Staying away from family to realise the importance of family

My journey on understanding the importance of family over everything else and why I hope everyone does as well.

Aman Dalmia
4 min readOct 31, 2019


Photo by Liane Metzler on Unsplash

I have always been the kind of person who has wanted to break free of any restrictions imposed onto me. As a child, our parents try to protect us in every way possible based on their life experiences. While their intentions are incredibly pure, some of us (I think most) don’t prefer having told what to do and instead feel the urge to explore life in the way we want. We might end up doing what our parents were telling us to do in the first place. Still, there is one significant difference: having gained the experiential knowledge of making mistakes on our own and learning WHY we should do something instead of just knowing WHAT the right thing to do is.

Back in 2014, having stayed in Kolkata for 18 years, I knew I needed a change. And for some weird reason, the only pathway to change I could see was to go somewhere far from home, somewhere I could do things that I want to do without any moderation and try out everything that life has to offer, to the extent of my need for exploration. And so I did, by studying in Guwahati for the next 4 years. Even during the summer and winter breaks, I used to travel to other cities for internships and ended up staying at home for only about 20 days in a year during that time.

As the years went by, I started understanding the importance of having an anchor, a support system that would always be there by your side, no matter how poorly you perform, or how badly you behave, or how unsuccessful you are — family. Family never decides to love you based on whether you have a certain GPA or whether you got a fancy job. Yes, they may have expectations, sometimes, unreasonable. That is partly because of the lack of information that they have and slightly because they see other people doing certain things and assume that you want to do the same. It is up to us to correct their bias, make them understand that all of us have our timelines and the fact that comparing us with someone else will only do one thing — distant us from them. At least that is what I did, and my life has become so much better since then. I have never been compared to anyone else and all that, just by communicating with my family how comparing me with other people can only worsen my relationship with them.

And then, I graduated in 2018 and have been living in Mumbai since then. This change was a different experience than living in a hostel, as now I had to take care of every small thing in my life — from getting groceries to planning what to eat, to doing household chores, etc. It made me realise the importance of everyday household work that our mothers do, which keeps our day-to-day life going. And how underappreciated they must feel every day with people at home taking their work for granted and assuming that they exist only to serve their needs.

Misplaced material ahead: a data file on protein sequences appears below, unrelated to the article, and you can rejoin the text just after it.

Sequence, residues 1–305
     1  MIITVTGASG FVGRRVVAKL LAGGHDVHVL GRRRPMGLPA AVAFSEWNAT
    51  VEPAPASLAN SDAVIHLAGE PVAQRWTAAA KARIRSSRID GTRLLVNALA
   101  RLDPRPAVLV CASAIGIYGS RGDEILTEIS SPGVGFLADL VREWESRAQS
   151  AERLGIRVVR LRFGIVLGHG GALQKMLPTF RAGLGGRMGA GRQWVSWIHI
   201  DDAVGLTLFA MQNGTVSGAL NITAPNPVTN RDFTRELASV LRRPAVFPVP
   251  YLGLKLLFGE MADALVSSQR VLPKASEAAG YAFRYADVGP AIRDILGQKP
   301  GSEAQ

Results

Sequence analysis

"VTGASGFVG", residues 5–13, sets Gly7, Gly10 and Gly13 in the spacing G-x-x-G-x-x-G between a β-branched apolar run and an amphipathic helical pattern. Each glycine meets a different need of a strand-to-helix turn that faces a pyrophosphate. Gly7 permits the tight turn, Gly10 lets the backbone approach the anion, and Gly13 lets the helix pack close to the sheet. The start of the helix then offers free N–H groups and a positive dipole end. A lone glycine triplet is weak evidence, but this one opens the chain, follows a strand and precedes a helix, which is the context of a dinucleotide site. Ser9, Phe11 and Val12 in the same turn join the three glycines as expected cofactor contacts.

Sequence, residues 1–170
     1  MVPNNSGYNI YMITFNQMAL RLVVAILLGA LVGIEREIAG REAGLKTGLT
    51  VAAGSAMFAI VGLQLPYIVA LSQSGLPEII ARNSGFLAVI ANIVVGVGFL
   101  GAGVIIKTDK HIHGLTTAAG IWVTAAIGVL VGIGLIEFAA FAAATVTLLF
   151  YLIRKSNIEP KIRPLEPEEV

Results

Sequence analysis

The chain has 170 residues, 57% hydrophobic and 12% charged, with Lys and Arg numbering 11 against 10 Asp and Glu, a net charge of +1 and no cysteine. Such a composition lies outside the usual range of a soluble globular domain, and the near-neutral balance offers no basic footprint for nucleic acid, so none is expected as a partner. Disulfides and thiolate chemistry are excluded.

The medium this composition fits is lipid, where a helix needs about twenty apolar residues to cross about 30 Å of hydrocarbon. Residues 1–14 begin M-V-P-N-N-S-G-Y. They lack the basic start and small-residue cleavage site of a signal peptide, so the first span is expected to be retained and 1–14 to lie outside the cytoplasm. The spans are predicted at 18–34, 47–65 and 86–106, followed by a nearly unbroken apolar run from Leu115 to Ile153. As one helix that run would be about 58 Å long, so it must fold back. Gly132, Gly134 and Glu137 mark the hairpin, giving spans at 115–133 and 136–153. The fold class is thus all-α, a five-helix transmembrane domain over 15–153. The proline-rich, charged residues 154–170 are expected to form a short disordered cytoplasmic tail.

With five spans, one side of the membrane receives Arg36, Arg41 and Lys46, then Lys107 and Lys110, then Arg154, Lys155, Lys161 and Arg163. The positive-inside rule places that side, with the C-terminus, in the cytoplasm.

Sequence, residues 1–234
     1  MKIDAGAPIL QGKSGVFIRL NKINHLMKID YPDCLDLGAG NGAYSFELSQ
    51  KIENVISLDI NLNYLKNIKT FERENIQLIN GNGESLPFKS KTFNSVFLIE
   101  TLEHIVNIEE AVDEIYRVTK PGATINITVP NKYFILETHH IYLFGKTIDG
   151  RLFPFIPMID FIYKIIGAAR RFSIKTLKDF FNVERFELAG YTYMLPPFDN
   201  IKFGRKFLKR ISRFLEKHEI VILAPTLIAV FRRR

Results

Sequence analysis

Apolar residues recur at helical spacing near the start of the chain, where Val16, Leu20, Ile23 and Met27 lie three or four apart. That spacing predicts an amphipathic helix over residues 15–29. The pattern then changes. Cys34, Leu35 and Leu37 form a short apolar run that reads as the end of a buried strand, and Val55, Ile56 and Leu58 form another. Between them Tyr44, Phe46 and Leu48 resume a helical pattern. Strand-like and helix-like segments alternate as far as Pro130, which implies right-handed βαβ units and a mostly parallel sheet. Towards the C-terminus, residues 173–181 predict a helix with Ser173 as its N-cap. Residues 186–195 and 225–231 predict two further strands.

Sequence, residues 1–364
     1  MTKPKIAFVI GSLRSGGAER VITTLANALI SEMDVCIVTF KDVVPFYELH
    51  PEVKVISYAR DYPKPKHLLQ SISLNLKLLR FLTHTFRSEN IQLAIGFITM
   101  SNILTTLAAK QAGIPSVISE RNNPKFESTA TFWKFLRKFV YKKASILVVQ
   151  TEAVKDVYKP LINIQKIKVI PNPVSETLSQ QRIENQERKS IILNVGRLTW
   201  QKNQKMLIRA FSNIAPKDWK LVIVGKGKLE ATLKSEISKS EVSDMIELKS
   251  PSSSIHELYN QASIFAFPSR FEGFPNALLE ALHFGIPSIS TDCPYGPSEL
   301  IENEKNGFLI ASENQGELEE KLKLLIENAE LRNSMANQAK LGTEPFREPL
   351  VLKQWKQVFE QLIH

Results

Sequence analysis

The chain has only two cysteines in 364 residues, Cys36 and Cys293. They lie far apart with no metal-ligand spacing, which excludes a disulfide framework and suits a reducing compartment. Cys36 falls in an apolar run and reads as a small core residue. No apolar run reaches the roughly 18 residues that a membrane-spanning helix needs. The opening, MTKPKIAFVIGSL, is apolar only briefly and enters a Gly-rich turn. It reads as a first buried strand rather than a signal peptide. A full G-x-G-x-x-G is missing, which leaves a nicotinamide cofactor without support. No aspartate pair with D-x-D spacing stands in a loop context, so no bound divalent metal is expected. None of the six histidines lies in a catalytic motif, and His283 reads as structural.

Also, we tend to search for something close to a family every new place that we go to. We try to be well-mannered and talk respectfully with new people that we meet, people who we work with, random people we might encounter, that new person whom you can potentially date, etc. But at the same moment, if we receive a call from home, we might ignore it thinking that we can always call back later — there’s nothing urgent.

Why does something have to be urgent for us to talk to our family?

As much as I started realising the importance of family after staying away from home for years, I have still been taking them for granted for many years. To give a very recent example, I have come back home this time after 1 year, choosing to spend my holidays either working or with friends or just doing nothing. While I think all of the choices are still okay, but the main underlying point remains — I can always come back to my family, they are not going anywhere else. And then I come back home, noticing the white hair growing on my mother’s head, watching my grandfather struggling to walk and then, reality strikes me. That they are not here forever and I need to prioritise them NOW.

Ever since I realised this, I have always used one simple trick to stay mindful of their importance. This trick, although useful, can lead to a lot of self-trauma. The idea is to think — how would you feel if anything were to happen to them while you were asleep or busy being angry over one small mistake that they did? What if the heated conversation you had the other night is the last conversation you ever had with them? Would you want to live with that for the rest of your life?

In the end, we can explore the whole world if we want. But the only set of people who will truly love us, for who we are, or who we become, or how much we make, or what we do, is going to be our family. And those of us, who can realise this, without having to go through the trauma of a personal loss, are truly lucky. For we still have time to repent, time to correct our mistakes.

We can still make it right.



Aman Dalmia

Curious about almost everything. Passionate about climate change and education. Trying to be helpful!